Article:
What My Dying Brother Taught Me About Living Well

It’s never too late to be who you might have been – George Eliot


This phrase often rings in my mind.

Am I where I had hoped to be by now? In many ways, I’m beyond my hopes and dreams. In others, my dreams have shifted and reshaped to fit the life path I was blessed with. 


And I’m okay with that. 

Why? Because in every moment of every day, we face decisions.


With each choice we make, we are creating the reality of who we are. 

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It has been in the daily choices I’ve made that shaped the life I live; a life I absolutely love. Many of these decisions have been influenced by the most important people in my life. Though the biggest shift came when I was coached, mentored, supported and pushed to be someone greater than I could have imagined for myself. 


Many of us are completely fine remaining as we are, in our current state, not wishing to change, to reinvent, or to recreate ourselves


Some of us want more. 


My message, this message, is for the brave souls who want more. Brave, because facing the truth, becoming aware, and making a choice to change requires pure bravery. 


With a bow to bravery, I’d like to tell a story of one who was truly brave.



Two years ago, I lost my brother and best friend to cancer.


Just 15 months before he took his last breath, he found out he had tracheal cancer – a rare, smokers’ cancer. My brother never smoked. 


For months he battled, undergoing invasive and major surgery to remove cancer from his trachea, resulting in relocating all his upper cavity organs. He came through it like a champ! He then underwent consistent radiation,  that exhausted him. But he persevered. 


And yet, just a couple of months later, he received the diagnosis that his cancer was Stage 4 Terminal.


I still remember where I was when he called to tell me. I was in a parking garage at the San Jose Airport, returning a rental car. With tears streaming down my face, the rental car attendant gently said to me, "everything will be okay." I thanked this kind man as I walked away, steeped in my pain and grief.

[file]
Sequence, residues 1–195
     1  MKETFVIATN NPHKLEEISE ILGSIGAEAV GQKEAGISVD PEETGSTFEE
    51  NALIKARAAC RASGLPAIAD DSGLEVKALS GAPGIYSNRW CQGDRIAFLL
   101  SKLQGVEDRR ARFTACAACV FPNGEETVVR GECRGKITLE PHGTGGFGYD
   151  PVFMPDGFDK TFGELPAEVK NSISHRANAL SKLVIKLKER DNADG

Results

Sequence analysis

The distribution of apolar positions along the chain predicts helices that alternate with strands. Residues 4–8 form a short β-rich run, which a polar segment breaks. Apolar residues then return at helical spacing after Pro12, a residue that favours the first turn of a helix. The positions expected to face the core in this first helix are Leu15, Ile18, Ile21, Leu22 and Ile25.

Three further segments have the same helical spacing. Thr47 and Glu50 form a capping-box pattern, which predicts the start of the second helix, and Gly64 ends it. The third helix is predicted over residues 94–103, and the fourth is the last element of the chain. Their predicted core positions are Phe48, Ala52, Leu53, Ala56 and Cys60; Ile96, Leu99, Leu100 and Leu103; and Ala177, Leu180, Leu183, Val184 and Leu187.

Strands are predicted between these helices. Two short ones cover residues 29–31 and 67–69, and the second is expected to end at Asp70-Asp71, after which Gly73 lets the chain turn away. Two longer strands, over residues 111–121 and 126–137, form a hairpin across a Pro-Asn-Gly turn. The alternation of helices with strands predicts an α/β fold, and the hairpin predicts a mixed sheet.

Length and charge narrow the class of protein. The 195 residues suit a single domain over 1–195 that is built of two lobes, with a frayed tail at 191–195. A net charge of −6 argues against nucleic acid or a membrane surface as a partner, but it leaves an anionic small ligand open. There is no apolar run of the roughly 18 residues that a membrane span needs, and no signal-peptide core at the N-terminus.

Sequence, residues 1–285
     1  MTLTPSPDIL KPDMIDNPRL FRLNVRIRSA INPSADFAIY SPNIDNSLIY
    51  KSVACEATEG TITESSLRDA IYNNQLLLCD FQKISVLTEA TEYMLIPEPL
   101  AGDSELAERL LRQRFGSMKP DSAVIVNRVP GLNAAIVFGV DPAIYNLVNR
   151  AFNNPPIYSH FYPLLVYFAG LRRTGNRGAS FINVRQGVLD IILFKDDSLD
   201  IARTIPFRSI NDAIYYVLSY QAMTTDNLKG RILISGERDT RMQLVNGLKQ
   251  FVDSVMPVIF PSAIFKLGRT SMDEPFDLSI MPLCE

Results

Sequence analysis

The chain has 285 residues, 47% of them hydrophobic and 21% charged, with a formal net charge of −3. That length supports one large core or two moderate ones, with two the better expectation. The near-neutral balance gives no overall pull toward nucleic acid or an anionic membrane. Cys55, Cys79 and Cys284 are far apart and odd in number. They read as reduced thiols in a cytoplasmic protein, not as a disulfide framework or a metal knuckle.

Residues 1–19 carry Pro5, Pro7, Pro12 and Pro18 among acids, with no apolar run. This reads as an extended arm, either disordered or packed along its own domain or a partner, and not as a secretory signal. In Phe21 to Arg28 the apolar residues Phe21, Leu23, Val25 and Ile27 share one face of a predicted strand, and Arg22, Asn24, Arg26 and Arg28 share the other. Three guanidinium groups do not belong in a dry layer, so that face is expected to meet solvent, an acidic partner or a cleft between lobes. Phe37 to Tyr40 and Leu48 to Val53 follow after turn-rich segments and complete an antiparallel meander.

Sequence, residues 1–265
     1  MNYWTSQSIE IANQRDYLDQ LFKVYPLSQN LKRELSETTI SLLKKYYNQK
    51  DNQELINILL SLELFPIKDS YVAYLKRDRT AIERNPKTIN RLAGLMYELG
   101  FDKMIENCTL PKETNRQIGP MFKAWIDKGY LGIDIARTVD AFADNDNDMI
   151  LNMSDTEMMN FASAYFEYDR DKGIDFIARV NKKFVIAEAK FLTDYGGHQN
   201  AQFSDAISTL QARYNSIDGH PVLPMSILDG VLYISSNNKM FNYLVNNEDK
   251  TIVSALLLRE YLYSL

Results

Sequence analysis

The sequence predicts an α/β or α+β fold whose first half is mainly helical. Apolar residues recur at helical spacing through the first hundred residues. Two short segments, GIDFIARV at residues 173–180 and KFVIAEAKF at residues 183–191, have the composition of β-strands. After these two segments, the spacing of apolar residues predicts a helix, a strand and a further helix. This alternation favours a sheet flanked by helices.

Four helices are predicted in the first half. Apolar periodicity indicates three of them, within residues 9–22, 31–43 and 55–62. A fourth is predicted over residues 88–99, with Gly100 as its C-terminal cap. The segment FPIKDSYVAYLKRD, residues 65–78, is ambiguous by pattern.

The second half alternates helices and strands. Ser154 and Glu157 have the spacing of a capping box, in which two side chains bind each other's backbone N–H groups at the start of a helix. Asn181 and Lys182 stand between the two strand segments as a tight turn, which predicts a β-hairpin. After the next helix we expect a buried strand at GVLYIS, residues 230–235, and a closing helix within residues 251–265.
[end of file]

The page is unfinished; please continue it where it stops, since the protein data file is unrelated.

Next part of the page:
I was living in San Jose at the time but was determined to move back home to be near my brother. I refused to miss time with him. Several miracles and mercies ensued, making this possible. My boss immediately approved my "temporary" move to Utah to work as a remote employee.


Soon after, my company announced they were merging with another, freeing up much of my time, as the project I was responsible for creating would need to be redone once the merger was complete. This allowed me time to spend with my brother – taking him to doctor’s appointments, accompanying him to radiation. I was even able to plan for and join my brother and his wife on a trip to Europe – one of his greatest wishes. The time I spent with him provided invaluable memories. I am eternally grateful for that.


Beyond the memories made, I also gained invaluable insight into how one should live their life. 


When one knows they are dying, their perspective shifts dramatically. The way they live is dramatically different than most. 


How my brother lived the last few months of his life taught me much. He taught me how to live well. He taught me how to feel proud when crossing the finish line, knowing I did, said, and accomplished all I could and should have. He taught this to me through three main lessons.


#1 Speak, unapologetically